Long-term view on structural reform agenda vital

Investment, Trade and Industry Minister Tengku Datuk Seri Zafrul Abdul Aziz.

KUALA LUMPUR: The financial sector should be more active and take a longer-term view instead of looking at shorter-term gains in funding the country’s structural reform agendas, mainly the New Industrial Master Plan 2030 (NIMP 2030) and the recently launched National Semiconductor Strategy.

Investment, Trade and Industry Minister Tengku Datuk Seri Zafrul Abdul Aziz said.

“While the financial institutions are always looking at shorter-term gains, the whole sector must also take a long-term perspective in funding these structural reform agendas.

“The hallmark of successful reforms and true nation building is a win-win end-game for all stakeholders. Securing Malaysia’s future sustainable growth is also securing future income streams of banks and financial institutions,” he said in his opening remark at the Sasana Symposium 2024 via a recorded video yesterday.

Tengku Zafrul, who was formerly CIMB Group Holdings Bhd group chief executive officer (CEO), highlighted that the NIMP 2030 will require an estimated total investment of RM95bil over the next seven years, of which the government had allocated RM8.2bil.

“While the figures may be daunting, I call upon the banking and financial sector to rise to the challenge, and take this opportunity to create impactful change,” Tengku Zafrul said, adding that these targets could be achieved, especially with the availability of innovative financing that is able to drive new industries.

“This can be done by embedding new dimensions of how banks and the financial sector assess risks, particularly those related to new technologies, climate and environmental, social and governance or ESG-related considerations.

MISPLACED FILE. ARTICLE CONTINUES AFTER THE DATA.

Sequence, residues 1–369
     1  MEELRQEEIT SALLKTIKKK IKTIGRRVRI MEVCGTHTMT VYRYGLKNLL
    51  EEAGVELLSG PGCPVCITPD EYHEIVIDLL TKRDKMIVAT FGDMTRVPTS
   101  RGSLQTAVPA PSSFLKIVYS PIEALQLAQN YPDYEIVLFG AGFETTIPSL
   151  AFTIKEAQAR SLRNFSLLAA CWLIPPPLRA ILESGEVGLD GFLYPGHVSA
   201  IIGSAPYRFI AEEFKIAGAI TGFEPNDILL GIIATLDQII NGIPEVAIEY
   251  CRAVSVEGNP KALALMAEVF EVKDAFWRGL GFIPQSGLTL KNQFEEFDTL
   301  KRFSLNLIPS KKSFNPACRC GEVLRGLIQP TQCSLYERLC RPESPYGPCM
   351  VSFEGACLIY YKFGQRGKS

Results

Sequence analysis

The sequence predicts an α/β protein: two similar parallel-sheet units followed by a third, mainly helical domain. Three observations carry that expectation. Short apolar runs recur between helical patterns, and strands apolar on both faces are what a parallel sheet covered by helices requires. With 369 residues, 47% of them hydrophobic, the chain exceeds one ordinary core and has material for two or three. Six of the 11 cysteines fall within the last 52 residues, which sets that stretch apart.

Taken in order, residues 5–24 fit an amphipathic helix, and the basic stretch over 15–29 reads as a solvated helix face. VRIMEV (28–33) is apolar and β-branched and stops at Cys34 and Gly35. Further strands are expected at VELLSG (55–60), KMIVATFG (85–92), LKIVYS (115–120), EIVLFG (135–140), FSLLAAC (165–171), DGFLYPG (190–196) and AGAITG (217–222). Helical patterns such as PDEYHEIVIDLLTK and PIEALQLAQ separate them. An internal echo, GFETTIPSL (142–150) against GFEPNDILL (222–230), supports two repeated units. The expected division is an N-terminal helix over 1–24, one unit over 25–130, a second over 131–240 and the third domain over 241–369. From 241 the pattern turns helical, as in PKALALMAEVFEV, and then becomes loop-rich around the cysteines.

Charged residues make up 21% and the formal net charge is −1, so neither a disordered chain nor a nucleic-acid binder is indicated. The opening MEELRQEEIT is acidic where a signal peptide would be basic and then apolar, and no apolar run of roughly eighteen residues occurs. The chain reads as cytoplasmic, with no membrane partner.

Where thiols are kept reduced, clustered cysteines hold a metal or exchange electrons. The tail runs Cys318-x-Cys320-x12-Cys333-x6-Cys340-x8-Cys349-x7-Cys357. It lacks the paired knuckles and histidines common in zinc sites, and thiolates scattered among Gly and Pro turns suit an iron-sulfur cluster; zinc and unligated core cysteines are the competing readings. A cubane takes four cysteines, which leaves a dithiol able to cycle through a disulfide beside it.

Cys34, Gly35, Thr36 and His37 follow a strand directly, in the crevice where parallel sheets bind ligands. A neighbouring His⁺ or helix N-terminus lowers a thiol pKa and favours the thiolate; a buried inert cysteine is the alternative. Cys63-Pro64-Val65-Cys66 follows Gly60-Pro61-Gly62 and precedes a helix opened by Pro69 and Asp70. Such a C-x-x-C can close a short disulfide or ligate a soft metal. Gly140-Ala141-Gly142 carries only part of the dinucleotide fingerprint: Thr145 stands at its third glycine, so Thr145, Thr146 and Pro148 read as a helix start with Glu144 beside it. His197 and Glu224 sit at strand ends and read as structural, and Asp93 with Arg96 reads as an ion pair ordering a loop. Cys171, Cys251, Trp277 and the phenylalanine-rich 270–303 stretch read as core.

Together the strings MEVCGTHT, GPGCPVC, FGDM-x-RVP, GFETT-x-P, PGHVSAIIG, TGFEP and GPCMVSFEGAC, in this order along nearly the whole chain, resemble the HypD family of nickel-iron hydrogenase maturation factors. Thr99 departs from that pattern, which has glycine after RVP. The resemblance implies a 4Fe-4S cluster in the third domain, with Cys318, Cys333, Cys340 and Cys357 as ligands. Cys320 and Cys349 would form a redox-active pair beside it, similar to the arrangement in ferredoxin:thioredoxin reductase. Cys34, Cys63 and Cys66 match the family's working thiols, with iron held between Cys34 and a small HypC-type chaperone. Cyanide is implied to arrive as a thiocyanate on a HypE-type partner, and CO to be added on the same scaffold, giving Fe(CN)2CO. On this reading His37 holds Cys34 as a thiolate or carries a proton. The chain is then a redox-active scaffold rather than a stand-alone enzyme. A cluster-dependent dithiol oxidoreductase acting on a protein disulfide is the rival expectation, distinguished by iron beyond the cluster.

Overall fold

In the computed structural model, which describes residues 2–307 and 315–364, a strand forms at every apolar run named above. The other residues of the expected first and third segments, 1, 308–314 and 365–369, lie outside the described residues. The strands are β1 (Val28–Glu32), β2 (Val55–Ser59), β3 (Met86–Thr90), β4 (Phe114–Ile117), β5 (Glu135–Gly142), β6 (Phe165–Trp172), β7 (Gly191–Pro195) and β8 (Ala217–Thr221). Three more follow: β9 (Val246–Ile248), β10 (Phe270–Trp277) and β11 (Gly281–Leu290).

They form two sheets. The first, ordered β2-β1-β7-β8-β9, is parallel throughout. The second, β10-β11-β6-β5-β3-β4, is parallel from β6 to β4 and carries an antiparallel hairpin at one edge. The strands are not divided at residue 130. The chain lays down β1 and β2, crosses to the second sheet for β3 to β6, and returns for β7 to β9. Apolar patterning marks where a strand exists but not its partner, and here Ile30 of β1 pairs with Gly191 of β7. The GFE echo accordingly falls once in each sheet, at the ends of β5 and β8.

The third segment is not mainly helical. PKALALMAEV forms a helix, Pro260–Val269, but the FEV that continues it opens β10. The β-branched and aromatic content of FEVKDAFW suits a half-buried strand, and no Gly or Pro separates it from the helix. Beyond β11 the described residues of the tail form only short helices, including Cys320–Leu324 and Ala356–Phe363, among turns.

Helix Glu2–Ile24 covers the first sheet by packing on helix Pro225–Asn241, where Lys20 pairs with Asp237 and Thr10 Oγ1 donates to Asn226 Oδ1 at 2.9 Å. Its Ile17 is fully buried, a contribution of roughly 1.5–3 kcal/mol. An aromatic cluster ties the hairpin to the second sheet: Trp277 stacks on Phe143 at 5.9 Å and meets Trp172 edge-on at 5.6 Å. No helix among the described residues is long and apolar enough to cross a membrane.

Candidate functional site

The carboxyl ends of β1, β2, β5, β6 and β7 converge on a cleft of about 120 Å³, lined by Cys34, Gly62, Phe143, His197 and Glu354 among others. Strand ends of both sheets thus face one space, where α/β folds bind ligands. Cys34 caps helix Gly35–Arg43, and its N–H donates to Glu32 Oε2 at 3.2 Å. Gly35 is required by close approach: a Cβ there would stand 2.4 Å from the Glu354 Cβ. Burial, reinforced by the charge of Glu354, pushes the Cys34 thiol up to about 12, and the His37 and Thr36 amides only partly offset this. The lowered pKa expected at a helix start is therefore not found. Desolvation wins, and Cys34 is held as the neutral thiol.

“As a former banker, I am fully convinced that this will be a ‘win-win’ for financial institutions,” he said.

Tengku Zafrul added that unlike past NIMPs, Malaysia’s approach this time is to be “mission-based”.

“This means placing every stakeholder’s focus on four key missions, which are increasing economic complexity; teching up with best-in-class technologies; pushing for net zero and promoting economic security, resilience and inclusivity.

“These transformations must cut across sectors and every industry must contribute to push our economic reforms ahead,” he said.

Meanwhile, Malayan Banking Bhd group president and CEO Datuk Khairussaleh Ramli said the government’s structural reforms should benefit banks and various sectors, but banks need to take into consideration risk criteria and supply chain mechanisms when financing the new sectors.

“The mission under the NIMP 2030, for example, is to be part of the global supply chain. From a banking point of view, how do we support companies in Malaysia to have access to financing or credit, with the view that there is a bigger ecosystem of principals and buyers?” Khairussaleh said virtually during a panel discussion at the symposium.

“There is a lot of reform agendas that have been announced by the government and for us to really digest. I think it is all about us making sure that we are ready,” he added.

Khairussaleh stressed that it is important to co-create between the government and the private sector to ensure that the various objectives can be achieved.

“Take for example the transition towards net zero. We have the nationally determined contribution (NDC) under the Paris agreement. Basically, countries have to make it clear in terms of how they would align this in the economic sector with the corporates.

“The government can clarify this to make it clear in terms of commitments; what sectors and which corporates, and then the private sector will be able to articulate a bit more clearly,” he explained.

He also highlighted the example of online fraud where various key players should be involved in tackling the issue. — By Doreenn Leong

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